Great big THANKS to all who supported me (George Gallego) on this journey. It was certainly an awesome experience despite (as my friend Ronnie says) “the effort, the physical strain, the pain” that it took to do this. Next to “re-inventing myself” after my injury and the very dark years that followed, this was by far the hardest challenge I have embarked on thus far.
Just to keep perspective, my main reason for participating in the 2012 Ironman US Championship was not to win first place but to raise awareness and funds to help free young people with physical disabilities from institutional living. That being said, our goal was accomplished.
There are lots of Ironman stories to tell, but I’d like to offer a brief overview. I woke-up at 1AM to prepare to catch a ferry at the 39th Street Pier at 3:45AM, which would ultimately take me to the transition zone in Fort Lee, New Jersey.
Once at the Transition Zone, I was formally introduced to my official handlers: Kathleen Mernin. James Mernin and Brian Gatens. The three of them have done a total of 8 Ironman races! I knew I was in good hands.
At 6AM, I boarded another ferry (along with all the Pro Men and Women) that took me to the swim start 2.4 miles north from the Ross Dock Picnic Area in New Jersey. The ferry ride seemed very, very long! I began to search for landmarks that would help me gauge where I was on the course once I began my swim. I slowly realized that there were only trees and quickly decided to start counting the massive buoys which lined the swim course, but there were too many to count! It was then that I decided that my only other option during the race was to count every stroke… I knew from my training that for every 12 strokes, I was able to swim a distance of 25 meters—I did the math and realized that I needed to stroke 1860 times to cover 2.4 miles. I decided to count every other stroke—so 930 became the magic number. That’s how I began my race—strategizing. That’s where all the fun began. I took my plunge 10 minutes after the Pro men dived into the Hudson River. Contrary to what most people believe, the swim was actually very peaceful: it was just my 930 and I!
I was out of the water 44 minutes after I entered it! At stroke #719, I clearly heard the first male Pro being announced as he exited the water and thought “Oh my God! I am almost there!” Ten minutes later, I was being fished out of the Hudson water at the swim exit!
Once in the transition zone, after only 7 minutes and 15 seconds of prep-time, my handlers made sure that I had everything I needed to begin the 112-mile bike journey ahead of me. James accompanied me on the bike course for the full time and Brian for the first 56 miles. The bike portion was VERY challenging—although manageable. My strategy was to complete a minimum of 27 miles every 2-2:20 hours. As far as nutrition was concerned, my plan was to consume a Rapid Energy Gel and 4-6 ounces of Accelerade fluids every 20 minutes. By the end of the 112 miles I consumed 32 energy gels and drank 6 liters of Accelerade fluids.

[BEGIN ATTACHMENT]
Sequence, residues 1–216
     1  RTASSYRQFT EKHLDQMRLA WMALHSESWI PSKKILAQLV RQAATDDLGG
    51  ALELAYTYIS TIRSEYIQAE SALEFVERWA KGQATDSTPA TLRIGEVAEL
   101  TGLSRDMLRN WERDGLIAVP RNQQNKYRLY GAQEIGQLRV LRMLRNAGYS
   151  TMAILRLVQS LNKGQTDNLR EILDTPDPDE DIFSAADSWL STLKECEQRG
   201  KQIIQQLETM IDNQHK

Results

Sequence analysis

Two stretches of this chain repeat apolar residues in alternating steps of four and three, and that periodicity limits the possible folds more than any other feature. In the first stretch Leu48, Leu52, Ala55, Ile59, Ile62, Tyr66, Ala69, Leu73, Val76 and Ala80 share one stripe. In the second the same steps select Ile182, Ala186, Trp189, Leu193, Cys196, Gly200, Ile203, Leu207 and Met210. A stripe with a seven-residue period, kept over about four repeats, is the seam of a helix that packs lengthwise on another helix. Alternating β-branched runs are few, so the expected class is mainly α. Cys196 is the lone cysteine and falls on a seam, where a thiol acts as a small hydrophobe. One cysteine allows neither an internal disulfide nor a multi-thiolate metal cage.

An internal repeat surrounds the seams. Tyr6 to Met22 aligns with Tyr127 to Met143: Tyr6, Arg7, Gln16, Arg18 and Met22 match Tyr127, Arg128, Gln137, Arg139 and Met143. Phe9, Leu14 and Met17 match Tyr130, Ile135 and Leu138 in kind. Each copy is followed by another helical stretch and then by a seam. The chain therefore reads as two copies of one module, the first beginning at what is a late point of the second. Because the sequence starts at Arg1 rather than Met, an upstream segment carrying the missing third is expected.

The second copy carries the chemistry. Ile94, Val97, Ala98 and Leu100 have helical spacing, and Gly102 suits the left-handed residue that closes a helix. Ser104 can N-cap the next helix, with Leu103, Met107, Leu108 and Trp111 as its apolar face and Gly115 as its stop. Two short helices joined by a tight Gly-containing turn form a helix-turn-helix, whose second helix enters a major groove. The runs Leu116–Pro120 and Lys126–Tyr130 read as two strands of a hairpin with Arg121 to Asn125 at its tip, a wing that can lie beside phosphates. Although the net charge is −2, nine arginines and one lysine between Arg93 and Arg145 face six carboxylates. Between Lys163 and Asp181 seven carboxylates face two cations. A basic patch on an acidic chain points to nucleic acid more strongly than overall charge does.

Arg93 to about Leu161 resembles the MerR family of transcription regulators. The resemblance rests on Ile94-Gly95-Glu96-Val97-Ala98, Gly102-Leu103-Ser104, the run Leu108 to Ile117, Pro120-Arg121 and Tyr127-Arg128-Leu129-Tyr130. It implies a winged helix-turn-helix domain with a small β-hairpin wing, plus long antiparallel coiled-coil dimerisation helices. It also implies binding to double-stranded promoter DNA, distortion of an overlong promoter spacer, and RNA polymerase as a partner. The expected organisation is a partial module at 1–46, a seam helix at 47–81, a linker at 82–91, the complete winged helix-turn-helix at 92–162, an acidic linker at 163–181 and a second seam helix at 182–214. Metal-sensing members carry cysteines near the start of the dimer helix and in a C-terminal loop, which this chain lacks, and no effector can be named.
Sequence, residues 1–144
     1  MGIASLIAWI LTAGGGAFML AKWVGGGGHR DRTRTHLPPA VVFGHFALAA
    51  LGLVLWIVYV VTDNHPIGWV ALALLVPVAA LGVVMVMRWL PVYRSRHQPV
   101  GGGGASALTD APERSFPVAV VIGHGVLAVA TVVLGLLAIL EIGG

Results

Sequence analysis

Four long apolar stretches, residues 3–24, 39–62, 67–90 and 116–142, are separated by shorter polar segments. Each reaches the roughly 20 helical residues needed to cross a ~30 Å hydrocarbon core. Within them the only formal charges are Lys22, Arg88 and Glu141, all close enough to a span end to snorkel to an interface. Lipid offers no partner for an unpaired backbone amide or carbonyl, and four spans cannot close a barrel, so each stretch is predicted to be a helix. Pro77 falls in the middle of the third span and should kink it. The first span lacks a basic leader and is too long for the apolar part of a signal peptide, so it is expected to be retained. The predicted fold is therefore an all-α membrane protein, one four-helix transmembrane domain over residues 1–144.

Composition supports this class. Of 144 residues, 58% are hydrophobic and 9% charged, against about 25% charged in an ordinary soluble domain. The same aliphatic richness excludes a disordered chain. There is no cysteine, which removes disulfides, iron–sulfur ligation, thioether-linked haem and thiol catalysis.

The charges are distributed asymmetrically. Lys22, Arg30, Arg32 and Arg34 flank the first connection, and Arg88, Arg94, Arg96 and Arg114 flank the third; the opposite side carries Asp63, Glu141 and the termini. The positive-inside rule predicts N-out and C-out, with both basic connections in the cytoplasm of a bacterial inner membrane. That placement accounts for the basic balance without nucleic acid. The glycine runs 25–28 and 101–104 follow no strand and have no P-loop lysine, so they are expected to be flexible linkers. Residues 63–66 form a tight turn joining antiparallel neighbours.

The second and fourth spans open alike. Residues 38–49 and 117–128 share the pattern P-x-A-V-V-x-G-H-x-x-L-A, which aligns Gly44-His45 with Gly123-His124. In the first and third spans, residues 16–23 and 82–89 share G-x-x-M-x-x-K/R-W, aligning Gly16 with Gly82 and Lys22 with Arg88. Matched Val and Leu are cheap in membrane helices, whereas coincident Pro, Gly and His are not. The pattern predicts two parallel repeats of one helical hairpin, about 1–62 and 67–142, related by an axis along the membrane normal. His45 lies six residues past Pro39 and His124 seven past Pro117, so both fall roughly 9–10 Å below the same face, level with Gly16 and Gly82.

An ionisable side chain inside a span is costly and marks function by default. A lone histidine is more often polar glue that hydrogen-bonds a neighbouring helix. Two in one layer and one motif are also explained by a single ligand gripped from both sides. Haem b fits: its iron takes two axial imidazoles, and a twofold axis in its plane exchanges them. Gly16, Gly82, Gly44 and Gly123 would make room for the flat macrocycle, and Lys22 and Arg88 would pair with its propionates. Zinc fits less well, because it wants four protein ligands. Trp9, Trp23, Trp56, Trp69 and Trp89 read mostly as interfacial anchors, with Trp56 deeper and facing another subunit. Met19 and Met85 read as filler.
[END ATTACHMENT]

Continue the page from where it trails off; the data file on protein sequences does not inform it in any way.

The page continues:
A good friend always says to me "Life is what happens while we are making other plans." Well, I had mechanical issues with my hand-cycle, and I certainly didn't factor that into my plans. On mile 20, my brake cable severed. It took 15 minutes for the official "mobile bike repair technician" to arrive and another 5-10 minutes to replace the cables! That wasn't the end of it! Around mile 40 my brake cable failed again! So it took another 15-20 minutes to make the repairs! Don’t get me wrong; the mechanics did a fantastic job given the circumstances! So, in the end, I completed the 112-mile bike course in 10 hours. The problem was that I had a maximum of 9.5 hours to complete the course; I missed the bike "cut-off" by 30 minutes. I was not allowed to continue to the run course. Therefore, I never made it to the race finish line.
At the end of the bike course, as I was cycling towards the Transition Zone at about 18-20 mph, I was treated to a sweet surprise! On the ramp leading into the zone were my two favorite people: Julia and Ro!!! They were as surprised as I was to see them! It really was a sweet welcome to my unofficial finish line! Once I arrived at the “bike-in” entrance, my timing chip was removed from my ankle and I was officially out of the race.
In the transition zone, as I was transferring out of my hand cycle, I decided to sit on the grass and do a little regrouping. Again I was surprised to see two more people from the Wheels of Progress family: Jose Hernandez and his close friend Anthony who had made a terrific effort to get to the Transition Zone to greet me. Life is wonderful at times—my family and friends appeared when I needed them the most….
I thought I would be hugely disappointed if I didn’t complete the race, but I wasn't. I know that I gave it my all…the mechanical issues were totally out of my control, and most importantly, I raced for a reason--that mission was accomplished. I am not bitter at all. That's part of life. The better person is the one who can adapt to the circumstances and move on to the next thing. As a person living with a disability, I've learned to master the art of re-inventing oneself. This was another great learning experience for me I never doubted that I could do the distance; my only question was whether I could do that particular course within the time constraints—and I now know that I can. In addition, at the end of the day, it was a TEAM effort, and I ended the day with the people I care most about.
Oh, a reporter from Fios1 News did a 5-minute piece on my preparation for the Ironman. You can see her TV news report at:
Finally, after reflection, I realize that the Ironman race was training for the toughest challenge that’s yet to come: the creation our first affordable, accessible, supportive building for the folks we serve. I hope you will continue to be with us for the rest of the journey.